Other times, patients are unresponsive or restless, and the harp music puts a calm over the room and the family. Sometimes the music frees people to have a good cry.

“I can’t answer ‘Why would God let this happen?’ or ‘Why don’t I feel God’s presence?” but I can acknowledge feelings and encourage people to reach out to God,” Ruth says. “Sometimes I run out of words, and then the music lets them rest in that.”

If people come from a Christian background, hymns remind them of times God spoke into their lives. Recently a dying patient began singing along to the hymns Ruth was playing on her harp, creating a beautiful moment that touched the family deeply. Later they asked her to play at his funeral.

Being able to play the harp for people is a “tool in my tool box,” Ruth says. “It’s just another way to care for people.”

Ruth is also grateful for Dr. Suzanne McDonald’s classes on “Aging and Dementia” and eschatology. These classes have helped her to establish a theological foundation and to understand how to care for people at the end of life.

“What I like about Western is that it’s not all about heady, intellectual knowledge,” she shares. “The professors realize they’re preparing us for serving actual people. It has kept me humble.”

Thinking ahead to graduation, Ruth says, “I think chaplaincy will be a good fit for the passions and gifts God has given me. Retirement home, hospital, hospice…I’m open to wherever God might lead.”

The Van Raalte Fellowship is a new partnership between Western Theological Seminary, 3sixty ministries (a community development non-profit), Pillar Church, and All Saints Anglican Church. The two-year fellowship allows students to earn internship credit, participate in a mentored peer group, and worship with Pillar Church and All Saints Anglican Church while helping to connect the church with opportunities for justice in the city of Holland.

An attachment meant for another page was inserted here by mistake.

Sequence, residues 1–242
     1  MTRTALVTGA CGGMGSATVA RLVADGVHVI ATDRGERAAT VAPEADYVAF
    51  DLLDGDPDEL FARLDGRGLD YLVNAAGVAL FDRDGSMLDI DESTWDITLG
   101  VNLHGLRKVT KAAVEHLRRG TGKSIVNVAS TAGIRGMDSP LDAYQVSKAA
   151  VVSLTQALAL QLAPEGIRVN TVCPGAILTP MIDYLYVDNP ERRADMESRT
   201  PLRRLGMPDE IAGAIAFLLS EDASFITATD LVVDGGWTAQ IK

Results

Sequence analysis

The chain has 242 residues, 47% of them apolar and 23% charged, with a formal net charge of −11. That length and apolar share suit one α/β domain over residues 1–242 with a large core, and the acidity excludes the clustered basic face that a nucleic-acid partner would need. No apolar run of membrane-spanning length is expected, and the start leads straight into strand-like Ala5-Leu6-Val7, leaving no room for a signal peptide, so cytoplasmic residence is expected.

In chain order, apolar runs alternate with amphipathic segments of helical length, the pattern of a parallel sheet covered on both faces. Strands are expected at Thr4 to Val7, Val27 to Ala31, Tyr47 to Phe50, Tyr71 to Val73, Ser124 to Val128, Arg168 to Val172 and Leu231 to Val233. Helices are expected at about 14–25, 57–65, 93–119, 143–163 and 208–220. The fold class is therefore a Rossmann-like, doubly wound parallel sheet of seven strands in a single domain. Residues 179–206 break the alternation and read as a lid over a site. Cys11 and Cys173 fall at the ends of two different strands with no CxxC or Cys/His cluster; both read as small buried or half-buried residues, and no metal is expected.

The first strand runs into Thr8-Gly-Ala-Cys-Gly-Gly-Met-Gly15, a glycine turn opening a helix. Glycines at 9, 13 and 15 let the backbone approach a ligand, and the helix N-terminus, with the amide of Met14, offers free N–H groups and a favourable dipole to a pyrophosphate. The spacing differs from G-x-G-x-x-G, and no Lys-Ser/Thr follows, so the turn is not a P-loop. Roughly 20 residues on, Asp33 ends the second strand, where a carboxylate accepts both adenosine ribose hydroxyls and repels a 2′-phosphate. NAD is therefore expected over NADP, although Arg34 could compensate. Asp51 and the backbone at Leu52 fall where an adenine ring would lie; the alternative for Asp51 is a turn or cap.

Three of this year’s Van Raalte Fellows are first-year seminary students Alisha Riepma, Katie Alley, and Leah Wielenga.

A week in the life of a Van Raalte Fellow involves attending classes at WTS, meeting in a peer group and individually with Rev. Jenna Brandsen ‘15, pastor of formation for mission at Pillar Church, and having lots of conversations with community members and neighbors. At least once a week, the fellows eat at the Community Kitchen at WTS. On Sundays, they work as interns at Pillar Church, and Katie helps with the children’s ministry. They can also attend morning and evening prayers at All Saints Anglican Church throughout the week.

Every other Sunday, the fellows host dinner at Alisha’s house, inviting members of the Holland community to eat with them. Recently they were joined by two Holland police officers and got to hear about their experience in the city. Another evening, they invited a student who lives at the Friendship House to talk about intentional communities at the seminary. Soon they hope to invite a woman who has her MSW and is living in low-income housing doing grassroots social work in Holland.

Their goal is “to live outward-focused lives.” An important focus of the internship is living right in the neighborhood they serve. Each week they walk through the city and pray to have conversations with their neighbors.

“Something has changed within me to expect conversations with people, to seek out those conversations, and to find ways that I can really know my neighbors,” shares Leah.

One of these conversations happened when Leah noticed a neighbor sweeping up a broken bottle on the sidewalk. She stopped to chat and he explained that when underage drinkers don’t want to get caught with an open container, they throw it out of their car. In the past year, three neighborhood dogs had to be put down because of serious infections in their cut paws.